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Hiroshima for Global Peace

Message of Governor of Hiroshima Prefecture :Here’s what Oppenheimer means to me

On July 21, the movie “Oppenheimer” was released in the United States.
The film depicts the life of the American scientist who led the development of the atomic bomb during World War II.
On the occasion of the film’s release, a message from Governor Hidehiko Yuzaki was published in the San Francisco Chronicle, calling for the realization of a world without nuclear weapons.



A Future Free of Nuclear Weapons is Possible, If We Demand It


In just a few days, moviegoers around the world will flock to the theaters to see Oppenheimer, the highly anticipated blockbuster story of the scientist at the heart of the project to build the atomic weapons the United States used against our country in 1945.


As they take in the compelling story of the man behind the bomb, we hope they also will consider how nuclear weapons have held our planet and its people hostage for more than three-quarters of a century and how the risks they pose today may be greater than ever before.


People from Hiroshima and Nagasaki need no reminder of the devasting power of nuclear weapons. Generations later, we still feel the impact of atomic bombs dropped on our cities. We also are acutely aware that while Oppenheimer is history, nuclear weapons are not.


Today, nine countries have nuclear weapons. Although the number of weapons is down significantly since the Cold War era, there are still 13,000 nuclear weapons on Earth, with approximately 90% held by Russia and the United States—more than enough destructive power to decimate human life many times over.


Even “small-scale” use of nuclear weapons would have devastating environmental impacts on our planet. One recent study assessed the global effects of a “limited” nuclear war between India and Pakistan. The fires resulting from the blasts would produce so much ash that the sun’s light could be diminished for years, leading to a “nuclear winter” that could cause a famine capable of impacting more than 3 billion people around the world.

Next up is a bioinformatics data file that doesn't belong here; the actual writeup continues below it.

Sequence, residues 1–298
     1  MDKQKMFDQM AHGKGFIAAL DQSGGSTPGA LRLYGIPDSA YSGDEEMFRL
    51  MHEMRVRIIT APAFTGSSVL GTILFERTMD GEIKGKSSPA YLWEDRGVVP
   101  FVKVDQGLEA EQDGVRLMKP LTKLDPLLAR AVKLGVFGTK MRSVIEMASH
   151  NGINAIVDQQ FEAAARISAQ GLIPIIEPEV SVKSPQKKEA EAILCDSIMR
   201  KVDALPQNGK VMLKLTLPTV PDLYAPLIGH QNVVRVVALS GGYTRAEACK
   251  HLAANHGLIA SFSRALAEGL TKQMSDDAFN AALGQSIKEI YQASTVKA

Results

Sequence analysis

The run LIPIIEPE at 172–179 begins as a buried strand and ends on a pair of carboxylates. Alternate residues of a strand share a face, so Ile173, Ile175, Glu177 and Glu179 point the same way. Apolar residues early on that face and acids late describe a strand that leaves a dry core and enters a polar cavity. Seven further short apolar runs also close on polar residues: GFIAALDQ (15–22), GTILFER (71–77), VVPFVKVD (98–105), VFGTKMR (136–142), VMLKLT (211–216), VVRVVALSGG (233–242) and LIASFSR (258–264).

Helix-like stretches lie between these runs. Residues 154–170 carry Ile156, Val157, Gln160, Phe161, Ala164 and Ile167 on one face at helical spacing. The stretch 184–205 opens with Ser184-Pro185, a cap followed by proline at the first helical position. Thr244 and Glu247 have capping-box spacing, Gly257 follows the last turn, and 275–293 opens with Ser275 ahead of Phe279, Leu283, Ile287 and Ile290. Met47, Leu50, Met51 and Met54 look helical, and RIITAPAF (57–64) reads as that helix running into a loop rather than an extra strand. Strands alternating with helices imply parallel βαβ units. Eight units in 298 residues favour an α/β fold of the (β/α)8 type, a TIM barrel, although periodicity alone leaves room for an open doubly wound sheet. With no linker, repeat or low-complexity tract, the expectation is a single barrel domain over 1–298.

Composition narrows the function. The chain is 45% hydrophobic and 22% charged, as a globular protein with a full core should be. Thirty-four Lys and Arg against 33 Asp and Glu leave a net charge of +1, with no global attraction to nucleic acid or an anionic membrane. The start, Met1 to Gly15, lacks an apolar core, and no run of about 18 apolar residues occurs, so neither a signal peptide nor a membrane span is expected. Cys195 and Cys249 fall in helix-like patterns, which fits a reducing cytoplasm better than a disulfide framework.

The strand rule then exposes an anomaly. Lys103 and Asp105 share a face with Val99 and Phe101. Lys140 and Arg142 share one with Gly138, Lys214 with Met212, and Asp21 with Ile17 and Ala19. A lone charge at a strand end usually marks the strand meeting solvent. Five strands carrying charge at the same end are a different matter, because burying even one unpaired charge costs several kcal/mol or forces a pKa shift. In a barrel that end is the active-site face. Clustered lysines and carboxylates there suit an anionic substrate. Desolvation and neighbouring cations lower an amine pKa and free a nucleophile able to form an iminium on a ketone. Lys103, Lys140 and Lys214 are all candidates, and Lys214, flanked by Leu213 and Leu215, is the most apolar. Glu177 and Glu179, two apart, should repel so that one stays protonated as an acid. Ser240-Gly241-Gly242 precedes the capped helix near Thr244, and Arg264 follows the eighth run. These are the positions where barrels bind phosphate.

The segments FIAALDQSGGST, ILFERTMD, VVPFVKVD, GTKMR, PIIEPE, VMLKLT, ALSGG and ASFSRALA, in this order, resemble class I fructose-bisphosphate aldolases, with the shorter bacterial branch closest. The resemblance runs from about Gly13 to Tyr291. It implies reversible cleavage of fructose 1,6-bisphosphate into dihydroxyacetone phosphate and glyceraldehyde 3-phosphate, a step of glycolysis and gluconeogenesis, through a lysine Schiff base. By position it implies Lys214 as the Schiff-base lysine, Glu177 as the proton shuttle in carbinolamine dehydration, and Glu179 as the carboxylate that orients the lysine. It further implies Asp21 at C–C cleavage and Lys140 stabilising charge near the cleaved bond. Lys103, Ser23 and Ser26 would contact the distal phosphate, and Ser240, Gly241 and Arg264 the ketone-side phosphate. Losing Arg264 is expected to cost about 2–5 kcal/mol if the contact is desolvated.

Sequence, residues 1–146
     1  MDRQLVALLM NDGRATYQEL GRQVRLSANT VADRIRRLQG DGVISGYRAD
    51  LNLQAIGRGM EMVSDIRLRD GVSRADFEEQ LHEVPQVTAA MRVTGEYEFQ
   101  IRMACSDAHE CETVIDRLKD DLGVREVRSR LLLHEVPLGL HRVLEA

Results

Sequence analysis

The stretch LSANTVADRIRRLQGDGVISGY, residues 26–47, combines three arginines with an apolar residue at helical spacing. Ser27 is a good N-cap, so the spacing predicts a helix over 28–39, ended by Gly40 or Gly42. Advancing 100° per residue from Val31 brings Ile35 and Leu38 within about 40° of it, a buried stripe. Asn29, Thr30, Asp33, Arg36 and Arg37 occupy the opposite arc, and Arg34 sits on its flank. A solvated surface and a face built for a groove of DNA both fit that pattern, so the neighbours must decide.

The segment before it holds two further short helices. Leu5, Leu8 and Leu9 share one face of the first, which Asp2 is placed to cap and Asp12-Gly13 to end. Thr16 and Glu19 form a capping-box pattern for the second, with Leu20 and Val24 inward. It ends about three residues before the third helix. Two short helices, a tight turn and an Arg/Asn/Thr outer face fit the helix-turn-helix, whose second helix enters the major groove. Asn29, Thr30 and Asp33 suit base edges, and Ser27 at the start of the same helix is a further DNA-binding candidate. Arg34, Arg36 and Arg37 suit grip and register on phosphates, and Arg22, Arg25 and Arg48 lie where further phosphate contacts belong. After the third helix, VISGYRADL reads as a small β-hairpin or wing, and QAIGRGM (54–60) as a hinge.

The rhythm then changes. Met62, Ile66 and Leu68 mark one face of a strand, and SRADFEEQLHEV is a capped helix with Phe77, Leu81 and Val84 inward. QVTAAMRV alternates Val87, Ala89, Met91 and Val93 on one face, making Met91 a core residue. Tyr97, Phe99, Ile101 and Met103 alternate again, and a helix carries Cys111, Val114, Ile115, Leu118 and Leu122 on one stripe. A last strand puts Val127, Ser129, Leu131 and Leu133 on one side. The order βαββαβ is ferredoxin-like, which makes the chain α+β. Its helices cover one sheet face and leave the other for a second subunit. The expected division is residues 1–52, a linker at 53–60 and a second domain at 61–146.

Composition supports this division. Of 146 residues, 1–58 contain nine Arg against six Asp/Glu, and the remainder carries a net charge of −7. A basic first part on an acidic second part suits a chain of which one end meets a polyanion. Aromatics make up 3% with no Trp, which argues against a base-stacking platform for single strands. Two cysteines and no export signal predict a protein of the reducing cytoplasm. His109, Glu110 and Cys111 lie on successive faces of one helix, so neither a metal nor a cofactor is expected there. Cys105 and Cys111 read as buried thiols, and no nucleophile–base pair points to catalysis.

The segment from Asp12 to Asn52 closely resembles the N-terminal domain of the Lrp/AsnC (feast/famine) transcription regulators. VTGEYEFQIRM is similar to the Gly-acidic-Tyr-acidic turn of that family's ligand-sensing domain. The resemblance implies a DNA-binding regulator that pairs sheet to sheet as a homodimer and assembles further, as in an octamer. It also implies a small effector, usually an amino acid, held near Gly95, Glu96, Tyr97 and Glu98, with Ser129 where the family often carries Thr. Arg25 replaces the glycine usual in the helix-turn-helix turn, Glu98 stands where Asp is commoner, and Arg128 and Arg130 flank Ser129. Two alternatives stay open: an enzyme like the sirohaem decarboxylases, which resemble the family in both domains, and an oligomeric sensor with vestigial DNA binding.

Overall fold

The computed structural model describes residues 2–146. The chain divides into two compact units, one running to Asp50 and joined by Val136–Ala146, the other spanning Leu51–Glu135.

Russia has the largest nuclear arsenal and the recent military insurrection along with ongoing political instability in the country raise the chilling prospect that the government could lose control of part of its arsenal. Government control is hardly reassuring, though, at a time when Russia has made unprecedented and dangerous nuclear threats in its war in Ukraine.


At the same time, a never-ending three-way nuclear arms race is heating up amid rising tensions with China.


In today’s world, deterrence is no longer a reliable strategy for preventing nuclear use. We are also seeing hard-fought arms-control treaties discarded, and the development of digitized nuclear weapons systems that are newly vulnerable to cyberattacks and terrorism.


No one should have to fear that an unstable leader or a terrible miscalculation could change our lives forever–as it did for our loved ones in 1945. But as long as nuclear weapons exist, humanity’s future is at risk.


It doesn’t have to be this way.


We know this because of all the progress activists have secured in reducing the world’s nuclear arsenal inventory and in maintaining a global norm against their use.


In May, our country’s Prime Minister Kishida joined President Biden and other G7 leaders in Hiroshima to reaffirm a commitment to a world without nuclear weapons. Commitments are progress, but we need to show our leaders that we all want to see words matched with action.


This year, as we prepare to mark the August 6 and 9 anniversaries of the atomic bombings of Hiroshima and Nagasaki, the world is at a crossroads. Down one path, war in Ukraine teeters on the nuclear brink, and we sit on the precipice of a new nuclear arms race that would divert resources from healthcare, education and the urgent fight against climate change. Down the other path is a safer, freer future where people and the planet are thriving, and nuclear weapons have no purpose.


We all have a role to play in leading the world down the better path.


Sadako Sasaki was a girl who inspired her classmates and then the world with the symbol of the paper crane, exemplifying that big change starts with small steps. Every August, people fold and share paper cranes around our solemn anniversaries to demonstrate support for a world without nuclear weapons. We invite you to take this first step. Just as we each transform a piece of paper into something beautiful with our own hands, we can craft a path toward a more hopeful, peaceful future—without nuclear weapons—for our loved ones and for future generations.


Robert Oppenheimer launched the atomic age, but it is up to us to end it. The future of humanity depends on it.



Hidehiko Yuzaki,the Governor of the Hiroshima Prefecture




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